Rev. Joyce Borger looked into the webcam in her office in Grand Rapids, Mich., and began to preach a sermon on 1 Peter 2 for members of Sonlight Christian Reformed Church, hundreds of miles away in Regina, Sask.
Wearing a pastoral stole over her shoulders, she began preaching on the subject of “Who You Are” by saying she believed the Holy Spirit was with her as she spoke from the CRC’s office in Grand Rapids. And the Spirit was certainly with members of Sonlight as they worshipped on a Sunday morning last October.
In her opening prayer, she said: “This is a new experience, dealing with all of the technology. But even in the midst of this newness, preaching to a screen, listening to the Word proclaimed via video, Lord, we know that the Holy Spirit is transcending it all, that it transcends time and space. We are grateful for the assurance you are here with us.”
Borger, who is director of Worship Ministries for the CRC, recorded five sermons dealing with the subject of baptismal remembrance for members of the remote church in Canada that is currently without a pastor. In her sermons, she was engaging, personal, self-effacing, and passionate about passing on the message of ways in which being baptized means we belong to God—and that should shape our identity.
The church in Regina called her, she said, because they were interested in using the 5-part worship series she had written on baptism for the June 2019 issue of Reformed Worship, a quarterly journal filled with practical resources for planning and leading worship in the Reformed tradition.
Sonlight asked if, besides the order of worship and its prayers and responses, she would be willing to share her sermons, assuming the sermon notes included with the series were based on completed sermons.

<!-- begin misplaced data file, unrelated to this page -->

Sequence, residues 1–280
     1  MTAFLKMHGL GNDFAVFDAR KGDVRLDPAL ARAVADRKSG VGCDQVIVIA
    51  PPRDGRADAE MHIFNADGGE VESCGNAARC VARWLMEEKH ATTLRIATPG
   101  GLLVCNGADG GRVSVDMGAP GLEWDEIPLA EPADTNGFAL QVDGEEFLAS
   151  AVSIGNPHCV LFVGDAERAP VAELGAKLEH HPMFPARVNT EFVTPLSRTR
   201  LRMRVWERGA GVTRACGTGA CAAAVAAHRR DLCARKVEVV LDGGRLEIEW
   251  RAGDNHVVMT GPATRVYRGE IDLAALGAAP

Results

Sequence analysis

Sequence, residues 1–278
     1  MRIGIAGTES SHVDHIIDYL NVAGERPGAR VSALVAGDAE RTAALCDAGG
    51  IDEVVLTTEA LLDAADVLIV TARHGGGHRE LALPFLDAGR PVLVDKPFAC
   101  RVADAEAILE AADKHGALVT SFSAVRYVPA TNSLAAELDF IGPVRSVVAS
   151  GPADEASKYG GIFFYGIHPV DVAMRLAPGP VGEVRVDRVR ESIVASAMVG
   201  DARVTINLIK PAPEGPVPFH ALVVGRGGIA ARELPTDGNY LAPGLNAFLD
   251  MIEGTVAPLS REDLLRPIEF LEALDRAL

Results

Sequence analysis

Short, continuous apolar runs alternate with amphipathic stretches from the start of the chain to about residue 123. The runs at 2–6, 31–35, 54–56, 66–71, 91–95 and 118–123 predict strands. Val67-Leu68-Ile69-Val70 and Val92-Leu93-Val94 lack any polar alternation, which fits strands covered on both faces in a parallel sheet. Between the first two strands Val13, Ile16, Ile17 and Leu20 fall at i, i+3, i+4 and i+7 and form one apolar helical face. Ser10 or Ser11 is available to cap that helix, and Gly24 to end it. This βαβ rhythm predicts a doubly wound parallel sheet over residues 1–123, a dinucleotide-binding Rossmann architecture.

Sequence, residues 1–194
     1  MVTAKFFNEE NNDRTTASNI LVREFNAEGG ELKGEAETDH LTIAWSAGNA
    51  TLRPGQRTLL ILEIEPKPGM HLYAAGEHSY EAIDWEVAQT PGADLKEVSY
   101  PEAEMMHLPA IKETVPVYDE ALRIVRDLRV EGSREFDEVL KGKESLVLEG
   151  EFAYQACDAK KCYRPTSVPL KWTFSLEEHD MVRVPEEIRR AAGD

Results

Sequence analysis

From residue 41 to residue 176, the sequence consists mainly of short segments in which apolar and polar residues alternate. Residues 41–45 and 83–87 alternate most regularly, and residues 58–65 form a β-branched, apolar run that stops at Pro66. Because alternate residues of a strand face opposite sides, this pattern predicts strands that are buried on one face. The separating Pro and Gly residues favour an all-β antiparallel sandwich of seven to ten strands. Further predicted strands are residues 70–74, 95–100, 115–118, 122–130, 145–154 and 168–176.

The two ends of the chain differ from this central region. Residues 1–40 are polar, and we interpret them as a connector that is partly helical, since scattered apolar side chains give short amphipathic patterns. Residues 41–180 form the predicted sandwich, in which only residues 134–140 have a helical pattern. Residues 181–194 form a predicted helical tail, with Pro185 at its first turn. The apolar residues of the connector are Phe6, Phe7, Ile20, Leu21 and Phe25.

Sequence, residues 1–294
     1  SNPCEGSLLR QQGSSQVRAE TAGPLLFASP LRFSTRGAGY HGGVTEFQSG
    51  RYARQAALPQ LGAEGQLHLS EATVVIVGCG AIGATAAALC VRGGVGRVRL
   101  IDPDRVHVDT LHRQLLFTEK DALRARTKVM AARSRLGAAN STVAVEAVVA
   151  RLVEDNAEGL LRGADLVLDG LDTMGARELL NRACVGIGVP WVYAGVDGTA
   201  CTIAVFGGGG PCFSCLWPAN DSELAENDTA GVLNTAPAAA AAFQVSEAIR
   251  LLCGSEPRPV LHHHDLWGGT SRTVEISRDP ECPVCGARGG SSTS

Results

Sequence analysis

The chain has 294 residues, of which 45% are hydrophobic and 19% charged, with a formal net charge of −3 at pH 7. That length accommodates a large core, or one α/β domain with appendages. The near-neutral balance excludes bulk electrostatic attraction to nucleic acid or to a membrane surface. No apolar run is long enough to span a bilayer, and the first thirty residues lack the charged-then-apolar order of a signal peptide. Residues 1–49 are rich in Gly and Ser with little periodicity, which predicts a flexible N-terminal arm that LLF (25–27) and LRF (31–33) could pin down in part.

“I didn’t have full sermons written out that I could send to them,” said Borger. “I thought it might be easier for me to do more preparation and preach them myself, rather than create a manuscript that someone else could read.”
When the people in Regina seemed to like this idea, Borger decided to do an experiment. “I wondered if I could preach and record them and then they could show them on Sunday.”
It took some doing to determine the best way to do this. Finding the right technology was a bit tricky. What kind of microphone should she use? Using a split screen for various images to help support what she was preaching took some time to figure out. “There was a learning curve; the sound would go in and out, but it got better,” said Borger.
Finally, she worked out the bugs and started the series, sending each sermon to the church for them to download and use on a Sunday.
For her sermons, she did a little research on Regina and the church itself and incorporated things she learned in her sermons. But, as hard as she tried, she knew something important was missing.
“Preaching is an incarnational activity. You need to be present in the congregation to bring the Word to a specific time and place. When churches have no pastor for a long time, this is hard to do.”
So as she worked on the series of sermons, she thought of all those churches, especially ones located in isolated areas, that are without pastors. And she wondered if her experiment could have a wider application; what if some way could be found to help a pastor record a sermon for a farflung church?
Her sermon series itself came out of her desire to help make people aware of the significance of their own baptism and the importance of remembering it.
“Every single pastoral care issue we face has something to do with baptism,” she said.
Our identity is tied up in our baptism; it reminds us that we belong not only to God, but to each other; there is forgiveness in baptism; we receive a calling and purpose to live as God's child in the world, to be missional, to bring the light of Christ wherever life's journey brings us; baptism reminds us that we are united with Christ in his death and resurrection so we too can have hope in the resurrection and do not need to fear death.
Melanie Schipper, a member of Sonlight, said they appreciated watching and listening to the sermons that helped unfold the meaning, purpose, and power of baptism for them.
“Joyce worked very hard to make the sermons applicable to our members and everyone felt included,” said Schipper. “It was also encouraging to have a whole sermon series, which often doesn't happen when a church is vacant.
“Joyce is an excellent preacher. ... We would definitely do this again, as it gives us great preaching and connects our church with other CRCs which we otherwise would not have had.”